Disclaimer: * This may contain affiliate links* I’m not a licensed investment adviser. Also, I’m not a tax adviser and this is NOT tax advice not investment advice. Please talk to a licensed investment adviser before making any financial decisions. Please talk to a licensed tax advisor before making any tax decisions. Additionally, I am not an economist, however, I am an avid investor and have studied the markets. In addition, I have studied the causes of past recessions as a hobby for a few years.*
The stock market is driven by two emotions: fear and greed. Fortunately, if these emotions are used wisely, they can yield positive financial results. On the other hand, if they are not, it can lead to financial ruin. Warren Buffet is credited with these words, “Be fearful when others are greedy, and greedy when others are fearful.” Over the past half-century, the ‘Oracle of Omaha’ has created wealth using these two emotions to his advantage.
There has been a lot of talk of recession. CNBC has printed a new article nearly every day about this topic. However, it is a normal market fluctuation.
“Be fearful when others are greedy, and greedy when others are fearful.”Warren Buffet
Greed plays into it when people are trying to make as much money as possible. This happened in the ‘dot-com bubble’ in the late 90’s to early 2000’s. Every investor was trying to get a hold of a stock with a ‘dot-com’ in the name. A similar thing happened in 2008 with the housing market, on behalf of the banks. They got greedy and began issuing mortgages that could not be repaid.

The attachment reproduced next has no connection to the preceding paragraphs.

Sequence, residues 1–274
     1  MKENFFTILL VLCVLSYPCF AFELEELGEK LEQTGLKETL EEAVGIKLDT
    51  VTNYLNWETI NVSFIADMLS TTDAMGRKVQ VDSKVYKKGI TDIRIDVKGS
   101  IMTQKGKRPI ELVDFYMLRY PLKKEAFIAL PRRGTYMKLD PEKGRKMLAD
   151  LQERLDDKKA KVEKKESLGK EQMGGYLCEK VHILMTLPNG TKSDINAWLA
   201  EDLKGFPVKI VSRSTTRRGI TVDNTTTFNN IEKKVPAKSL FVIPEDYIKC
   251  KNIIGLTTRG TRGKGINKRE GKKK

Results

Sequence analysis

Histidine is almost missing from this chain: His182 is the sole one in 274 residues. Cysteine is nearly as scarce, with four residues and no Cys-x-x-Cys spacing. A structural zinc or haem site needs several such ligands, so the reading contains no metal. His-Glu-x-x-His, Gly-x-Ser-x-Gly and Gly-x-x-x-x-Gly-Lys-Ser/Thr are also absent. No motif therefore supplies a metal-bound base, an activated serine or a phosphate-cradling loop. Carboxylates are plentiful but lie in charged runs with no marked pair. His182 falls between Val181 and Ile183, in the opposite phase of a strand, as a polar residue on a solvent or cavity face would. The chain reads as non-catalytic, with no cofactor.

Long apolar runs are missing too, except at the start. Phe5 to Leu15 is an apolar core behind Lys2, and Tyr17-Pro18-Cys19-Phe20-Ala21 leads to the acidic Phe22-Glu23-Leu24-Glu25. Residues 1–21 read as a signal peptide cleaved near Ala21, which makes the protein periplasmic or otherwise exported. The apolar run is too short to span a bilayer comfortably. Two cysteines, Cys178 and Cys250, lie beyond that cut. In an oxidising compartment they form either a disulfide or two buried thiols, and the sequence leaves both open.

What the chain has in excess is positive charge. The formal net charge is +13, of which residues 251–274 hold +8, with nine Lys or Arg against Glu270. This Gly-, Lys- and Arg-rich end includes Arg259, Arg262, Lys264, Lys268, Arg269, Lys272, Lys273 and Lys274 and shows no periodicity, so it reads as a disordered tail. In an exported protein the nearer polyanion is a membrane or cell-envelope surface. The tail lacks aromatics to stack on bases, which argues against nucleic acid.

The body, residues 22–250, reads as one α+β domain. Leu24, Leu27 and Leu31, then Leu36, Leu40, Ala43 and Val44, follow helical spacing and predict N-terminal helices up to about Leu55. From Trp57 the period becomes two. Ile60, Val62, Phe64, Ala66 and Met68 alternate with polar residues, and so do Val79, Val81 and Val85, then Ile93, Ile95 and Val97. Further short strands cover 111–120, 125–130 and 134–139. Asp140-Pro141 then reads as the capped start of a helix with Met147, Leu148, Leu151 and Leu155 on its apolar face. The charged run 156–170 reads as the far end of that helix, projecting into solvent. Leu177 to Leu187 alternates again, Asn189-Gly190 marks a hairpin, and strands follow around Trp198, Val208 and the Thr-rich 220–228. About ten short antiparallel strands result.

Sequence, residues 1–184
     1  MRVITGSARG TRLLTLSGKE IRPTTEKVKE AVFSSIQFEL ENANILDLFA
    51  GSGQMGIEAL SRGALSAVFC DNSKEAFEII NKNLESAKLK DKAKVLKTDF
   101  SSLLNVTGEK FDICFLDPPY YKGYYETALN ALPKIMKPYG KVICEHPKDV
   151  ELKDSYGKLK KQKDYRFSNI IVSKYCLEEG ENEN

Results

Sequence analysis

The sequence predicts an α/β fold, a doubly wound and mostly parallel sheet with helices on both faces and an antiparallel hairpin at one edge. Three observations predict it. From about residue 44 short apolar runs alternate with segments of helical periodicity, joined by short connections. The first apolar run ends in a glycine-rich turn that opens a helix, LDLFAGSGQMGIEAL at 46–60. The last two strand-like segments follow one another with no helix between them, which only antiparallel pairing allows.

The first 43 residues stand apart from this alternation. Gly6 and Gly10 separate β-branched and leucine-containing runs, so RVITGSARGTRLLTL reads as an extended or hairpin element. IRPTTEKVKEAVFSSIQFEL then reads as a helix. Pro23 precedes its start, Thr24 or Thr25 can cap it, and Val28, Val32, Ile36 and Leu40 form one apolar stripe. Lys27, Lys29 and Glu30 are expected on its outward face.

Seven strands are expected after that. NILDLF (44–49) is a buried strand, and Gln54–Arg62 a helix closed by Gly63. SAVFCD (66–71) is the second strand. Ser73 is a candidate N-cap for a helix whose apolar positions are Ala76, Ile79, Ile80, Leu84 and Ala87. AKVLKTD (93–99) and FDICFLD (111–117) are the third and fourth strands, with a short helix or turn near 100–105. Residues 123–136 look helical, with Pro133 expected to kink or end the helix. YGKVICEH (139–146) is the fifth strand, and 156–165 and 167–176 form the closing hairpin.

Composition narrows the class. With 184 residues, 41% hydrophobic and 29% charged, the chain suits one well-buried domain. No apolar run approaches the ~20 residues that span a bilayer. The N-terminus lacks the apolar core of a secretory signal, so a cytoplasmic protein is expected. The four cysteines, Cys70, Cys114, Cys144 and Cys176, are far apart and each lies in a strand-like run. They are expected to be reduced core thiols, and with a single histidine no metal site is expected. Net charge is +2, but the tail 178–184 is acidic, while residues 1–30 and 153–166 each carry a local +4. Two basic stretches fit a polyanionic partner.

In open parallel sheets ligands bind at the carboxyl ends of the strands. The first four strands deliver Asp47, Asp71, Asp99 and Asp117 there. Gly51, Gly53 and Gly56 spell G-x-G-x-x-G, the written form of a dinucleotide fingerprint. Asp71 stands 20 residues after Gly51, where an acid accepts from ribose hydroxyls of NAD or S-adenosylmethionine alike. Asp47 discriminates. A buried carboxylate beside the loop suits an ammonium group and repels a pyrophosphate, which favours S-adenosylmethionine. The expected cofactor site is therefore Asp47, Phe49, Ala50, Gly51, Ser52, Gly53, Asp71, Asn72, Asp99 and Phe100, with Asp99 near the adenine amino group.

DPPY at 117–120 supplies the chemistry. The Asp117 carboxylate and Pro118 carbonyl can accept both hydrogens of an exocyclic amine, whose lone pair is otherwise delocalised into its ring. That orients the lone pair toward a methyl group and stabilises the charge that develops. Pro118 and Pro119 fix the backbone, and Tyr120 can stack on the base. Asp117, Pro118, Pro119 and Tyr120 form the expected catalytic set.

Fear plays into it when people stop investing or pull out money because of possible impending recession. According to an article written by Joe Cox on 10/12/2019, people are pulling money out of the market to place it in ‘safe’ money market accounts, despite of their low-interest rates. However, with 2008 still fresh in many minds, it feels like the safest course of action.
Now, my question is, if we know a recession is bound to happen because it is a normal market fluctuation, are we speeding it up? Unfortunately, our actions of pulling money out could cause a market loss. Of course, this is a simplistic approach. However, if the fear of a recession is driving the market then it is understandable that investors are shy in making further investments. But the question remains, are these actions quickening the onset of a perceived looming recession? And how do we prepare for it?